25 January 2014 ~ 2 Comments

Farewell, Downton Abbey

My love for Downton Abbey has turned to ashes. It wasn’t even the rape of Anna, although as the astute J. Kathleen Cheney pointed out, to use the sublime Kiri Te Kanawa to sing the most beautiful aria in the world, O mio babbino caro, while crosscutting to the rape did a severe disservice to the music and the star.

No, it was the following episode, when it was clear the writers were simply placing words in the characters’ mouths that made no sense. Thus when Mrs. Hughes tells Edna that she will have men hold her down and a doctor examine her to prove she’s telling lies about her pregnancy, she could have simply been shouting at her, “Breakfast! Snoozebar! Gloves! Envelopes! Raygun! And then we’ll snozzle your sl;kdjg and danger! Falling apart now!” Because at that point Mrs. Hughes was clearly an android and her programming had failed.

The producers have hidden behind the old excuse, “well, that’s how people thought and acted back then” to cover for the most melodramatic plot points, but then they cheerfully make characters act in a completely anachronistic fashion when it suits their purpose. A housekeeper of Mrs. Hughes’s age in that era would have died before saying any of the words she said. For that matter, the very fact that Branson (I’m with the Dowager on this one) would have confessed that he slept with the maid and now she’s extorting him is so unlikely that it would have made better sense if he had just given the “Breakfast! Snoozebar!” speech above.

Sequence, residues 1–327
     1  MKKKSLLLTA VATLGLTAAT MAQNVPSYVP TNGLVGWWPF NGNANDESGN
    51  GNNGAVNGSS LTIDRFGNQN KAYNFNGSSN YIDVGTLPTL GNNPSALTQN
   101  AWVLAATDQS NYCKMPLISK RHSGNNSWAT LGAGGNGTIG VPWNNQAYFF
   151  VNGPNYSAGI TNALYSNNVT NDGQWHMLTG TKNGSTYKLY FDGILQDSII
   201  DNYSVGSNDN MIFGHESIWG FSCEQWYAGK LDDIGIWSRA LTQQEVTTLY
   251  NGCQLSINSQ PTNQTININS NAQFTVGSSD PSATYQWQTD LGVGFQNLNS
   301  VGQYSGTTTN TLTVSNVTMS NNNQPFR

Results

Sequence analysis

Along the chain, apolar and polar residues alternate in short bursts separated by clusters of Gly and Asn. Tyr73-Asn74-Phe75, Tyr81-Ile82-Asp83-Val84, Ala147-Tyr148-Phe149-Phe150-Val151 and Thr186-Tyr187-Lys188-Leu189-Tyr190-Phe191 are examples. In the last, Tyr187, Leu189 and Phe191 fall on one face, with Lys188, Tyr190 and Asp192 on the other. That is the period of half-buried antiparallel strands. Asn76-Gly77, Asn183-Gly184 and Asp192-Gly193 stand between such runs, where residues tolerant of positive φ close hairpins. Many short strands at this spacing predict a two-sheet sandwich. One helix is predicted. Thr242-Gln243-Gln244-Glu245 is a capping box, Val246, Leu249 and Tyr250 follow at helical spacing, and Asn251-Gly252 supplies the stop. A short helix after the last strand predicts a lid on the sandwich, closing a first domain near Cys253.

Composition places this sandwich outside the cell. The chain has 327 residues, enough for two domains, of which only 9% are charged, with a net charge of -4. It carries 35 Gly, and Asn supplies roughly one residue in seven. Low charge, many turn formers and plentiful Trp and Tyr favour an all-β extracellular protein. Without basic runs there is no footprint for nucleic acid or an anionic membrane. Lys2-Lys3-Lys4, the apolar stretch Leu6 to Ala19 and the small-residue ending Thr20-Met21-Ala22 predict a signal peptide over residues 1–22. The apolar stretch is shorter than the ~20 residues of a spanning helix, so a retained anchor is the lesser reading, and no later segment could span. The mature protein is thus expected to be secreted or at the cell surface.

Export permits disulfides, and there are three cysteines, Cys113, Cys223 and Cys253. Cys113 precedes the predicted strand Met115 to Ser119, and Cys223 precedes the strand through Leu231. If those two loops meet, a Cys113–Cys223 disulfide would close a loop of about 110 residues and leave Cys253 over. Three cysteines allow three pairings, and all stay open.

If that made no sense to you, welcome to my world.

The classism also finally really got to me. Edna is of such low moral character that she has a book about contraceptives. Gasp! Horrors! The card sharp bounder who cheats all the upstanding men at poker — who is he really? How did he gain access to the club? All those low-class sort of folk, we better watch out for, because they’ll knife you right in the back.

The show jumped the shark pretty much in the second season. There was so little rhyme or reason to most anything that has happened since the first season. It’s too bad — it was a wonderful start.

When I deleted the episode from my Tivo, my only thought was, well, that frees up some time.

Good-bye, Downton Abbey. I don’t think I’m going to miss you.

 

2 Responses to “Farewell, Downton Abbey”

  1. J. Kathleen Cheney 25 January 2014 at 8:39 am Permalink

    That was the reason I reacted so strongly to the rape. It was…dumb.

    It was as if they said…We need some more plot tension. Hey, let’s rape a popular female character!

    It just didn’t make sense to me.

    So yes, I’m so done with this series.

  2. Patrice Sarath 25 January 2014 at 8:53 am Permalink

    Hear, hear. Yeah, they are making story decisions for all the wrong reasons.

    Yes, there needs to be tension and conflict. But it has to make sense. It can’t just be about going for the shock value.


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